I became interested in politics at a pretty young age and more deeply involved as an adult for life-or-death reasons. Which is how my 6-year-old son and I wound up at the Democratic National Convention this week, watching history be made right before our eyes.
Let me start from the beginning:
When I was 9, I stood in front of the TV screen with my little brothers. We were watching an inauguration party for kids. Our new president had been sworn in earlier that day and now was ready to celebrate, along with a large number of people all around tuhe U.S.
He was on the stage with his family. Next to him was the first daughter, who was almost my age. The First Lady looked like someone my mom would be friends with, so I watched her, too. And then, the President started playing the saxophone.
The three of them were totally relatable to me, to my family, my life. Like me, this new President was raised by a single mom. And he was musically inclined, just like my dad. This First Lady had a job like my mom, and she also didn't apologize for it. I'd seen my first glimpses of having it all.
As I grew up, I took more of an interest in politics, advocacy and community service. Right before I had my son, Jax (who's also known as Hippo) I was diagnosed with, Inflammatory Bowel Disease. Specifically, left-sided ulcerative colitis. At that time I was moving my way up the television production ladder.
With all that in mind—his fierce and active support or her campaign—I knew there was one place we had to be this summer.
My diagnosis put a halt to that. And then came my beautiful son.
That's when I had to ask myself, "What should I do with my life?"
That was in 2009. Barack Obama was in office and that First Lady from 1993 on stage with her saxophone playing husband, was the Secretary of State. I thought about her life in a fishbowl and all the sacrifices she'd made. I looked at the policies she pushed while in the Senate, and I thought about her fight for healthcare. Healthcare that I, at the time, was unable to even get because of my pre-existing condition. I thought about the way that woman moved with change and stayed fighting for others: through crisis, personal change, immense pressure and discrimination.
I thought about that woman, and I made my move: I began advocating and lobbying full time for patients suffering from chronic illnesses.
Soon it became clear that I have passed on my nerdy ways to my then 6-year-old. Jax has since developed a love for politics, history and all things, Wolf Blitzer. Jax has written letters to President Obama and Vice President Biden, and he has become pen pals with Senator Barbara Boxer. (No, really.)
Jax has gone with me to advocate for patients on Capitol hill and he watches CNN's "The Situation Room w/ Wolf Blitzer" religiously. Basically, if Wolf didn't say it, it didn't happen. Two years ago, he decided that he wanted Hillary Clinton to become President. He figured that when she became President, he would become her Vice (as he calls, VP Biden).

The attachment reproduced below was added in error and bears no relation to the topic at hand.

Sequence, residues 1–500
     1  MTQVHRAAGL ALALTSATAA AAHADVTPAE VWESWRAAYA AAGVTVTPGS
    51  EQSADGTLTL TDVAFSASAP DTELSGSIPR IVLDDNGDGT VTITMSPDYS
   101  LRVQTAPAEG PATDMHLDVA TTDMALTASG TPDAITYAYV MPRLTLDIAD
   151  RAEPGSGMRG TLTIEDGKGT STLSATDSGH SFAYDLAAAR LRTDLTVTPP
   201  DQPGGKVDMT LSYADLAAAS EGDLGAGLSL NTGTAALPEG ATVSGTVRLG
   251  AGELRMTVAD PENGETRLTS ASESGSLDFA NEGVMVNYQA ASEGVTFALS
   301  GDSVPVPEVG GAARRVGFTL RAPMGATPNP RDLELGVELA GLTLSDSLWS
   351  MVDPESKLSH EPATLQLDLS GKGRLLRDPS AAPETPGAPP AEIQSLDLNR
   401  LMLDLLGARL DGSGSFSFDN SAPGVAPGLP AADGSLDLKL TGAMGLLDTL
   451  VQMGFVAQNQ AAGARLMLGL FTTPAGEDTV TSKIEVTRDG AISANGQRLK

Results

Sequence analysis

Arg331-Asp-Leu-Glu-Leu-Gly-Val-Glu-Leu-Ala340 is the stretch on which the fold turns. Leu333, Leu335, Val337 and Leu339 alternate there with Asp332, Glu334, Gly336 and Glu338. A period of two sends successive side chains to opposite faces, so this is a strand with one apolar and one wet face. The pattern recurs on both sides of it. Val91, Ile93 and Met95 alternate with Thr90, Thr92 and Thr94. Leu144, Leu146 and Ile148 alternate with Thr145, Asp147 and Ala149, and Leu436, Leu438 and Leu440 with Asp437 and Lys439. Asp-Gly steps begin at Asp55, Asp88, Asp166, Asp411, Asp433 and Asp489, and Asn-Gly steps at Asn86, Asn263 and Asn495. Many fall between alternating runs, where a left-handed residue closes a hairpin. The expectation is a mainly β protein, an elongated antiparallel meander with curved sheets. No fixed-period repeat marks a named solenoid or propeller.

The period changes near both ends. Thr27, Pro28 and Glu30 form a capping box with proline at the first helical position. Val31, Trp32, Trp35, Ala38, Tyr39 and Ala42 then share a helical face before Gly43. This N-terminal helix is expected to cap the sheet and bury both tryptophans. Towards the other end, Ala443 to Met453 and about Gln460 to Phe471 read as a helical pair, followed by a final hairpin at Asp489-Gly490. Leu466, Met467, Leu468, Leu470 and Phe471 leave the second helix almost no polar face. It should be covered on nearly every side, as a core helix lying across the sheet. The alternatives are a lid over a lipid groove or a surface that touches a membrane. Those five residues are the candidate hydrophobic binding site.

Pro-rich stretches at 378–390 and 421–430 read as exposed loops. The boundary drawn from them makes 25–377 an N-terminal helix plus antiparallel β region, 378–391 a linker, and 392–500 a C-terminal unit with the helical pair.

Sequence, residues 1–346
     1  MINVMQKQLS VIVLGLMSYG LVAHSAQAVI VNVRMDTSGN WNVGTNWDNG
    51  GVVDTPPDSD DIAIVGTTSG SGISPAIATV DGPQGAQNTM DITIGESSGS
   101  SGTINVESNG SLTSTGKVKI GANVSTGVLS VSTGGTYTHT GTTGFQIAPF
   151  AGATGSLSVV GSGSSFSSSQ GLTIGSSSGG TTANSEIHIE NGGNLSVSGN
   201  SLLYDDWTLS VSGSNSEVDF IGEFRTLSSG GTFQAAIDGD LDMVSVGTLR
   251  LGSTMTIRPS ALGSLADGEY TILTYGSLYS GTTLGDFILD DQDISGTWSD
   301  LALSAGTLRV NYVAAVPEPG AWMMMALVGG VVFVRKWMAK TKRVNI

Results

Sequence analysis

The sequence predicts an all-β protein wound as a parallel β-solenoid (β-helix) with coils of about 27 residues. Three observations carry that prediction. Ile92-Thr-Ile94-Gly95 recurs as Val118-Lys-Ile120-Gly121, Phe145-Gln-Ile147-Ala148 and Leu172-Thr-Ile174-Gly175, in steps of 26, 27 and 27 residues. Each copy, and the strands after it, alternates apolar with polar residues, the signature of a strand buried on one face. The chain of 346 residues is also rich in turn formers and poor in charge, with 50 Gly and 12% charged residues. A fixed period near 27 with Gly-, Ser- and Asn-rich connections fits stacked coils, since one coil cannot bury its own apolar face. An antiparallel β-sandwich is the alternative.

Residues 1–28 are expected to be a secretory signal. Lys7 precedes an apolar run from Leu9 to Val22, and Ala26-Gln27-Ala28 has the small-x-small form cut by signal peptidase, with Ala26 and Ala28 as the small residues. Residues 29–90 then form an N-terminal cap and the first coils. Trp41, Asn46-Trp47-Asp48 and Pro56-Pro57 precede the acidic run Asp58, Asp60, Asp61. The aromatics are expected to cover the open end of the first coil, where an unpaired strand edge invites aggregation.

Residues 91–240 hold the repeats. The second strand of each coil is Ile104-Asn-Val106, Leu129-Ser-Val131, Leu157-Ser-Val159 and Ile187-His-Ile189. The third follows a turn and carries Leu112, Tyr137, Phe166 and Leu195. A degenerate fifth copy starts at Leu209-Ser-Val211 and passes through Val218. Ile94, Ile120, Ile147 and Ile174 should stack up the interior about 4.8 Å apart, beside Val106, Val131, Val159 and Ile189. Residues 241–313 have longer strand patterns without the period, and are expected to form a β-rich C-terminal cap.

With all that in mind—his fierce and active support or her campaign—I knew there was one place we had to be this summer. And we're here. At the Democratic National Convention.
It's the ultimate civics lesson.
We were sitting in the presence of the First Lady, the first woman of color to live in the White House, as she endorsed the first female Democratic nominee for president of the United States.
"Here in Philadelphia, let us declare again, that we will be a free people. Free from fear and intimidation. Let us declare againthat we are a nation of interdependence, and that in America love always trumps hate. Let us declare, so that generations yet unborn can hear us. We are the United States Of America, our best days are ahead of us." -@CoryBooker #DemsInPhilly
The first night was nothing short of magical! Some of Jaxon's favorite people spoke all in one night, three of them back-to-back: N.J. Senator Cory Booker, First Lady Michelle Obama Obama, Massachusetts Senator Elizabeth Warren. Not gonna lie, they brought all the tears, excitement and inspiration from both me and my son.
There was so much magic surrounding our life at that moment.
We were sitting in the presence of the First Lady, the first woman of color to live in the White House, as she endorsed the first female Democratic nominee for president of the United States. And I was sharing this historical moment with my son. My one and only son. My beautiful, nerdy, Wolf Blitzer-loving, brown, American miracle boy. He will be able to live the rest of his life, knowing for certain, that no matter what, as long as you work hard and keep pushing and refuse to give up, you can do anything.
No stipulations. No glass ceilings. None of it. From this day forward, the sky is the limit!
You can follow Brook and Jax at the DNC on Twitter @momdotme where she'll be tweeting pictures, speeches and anything Jax overhears Wolf Blitzer saying.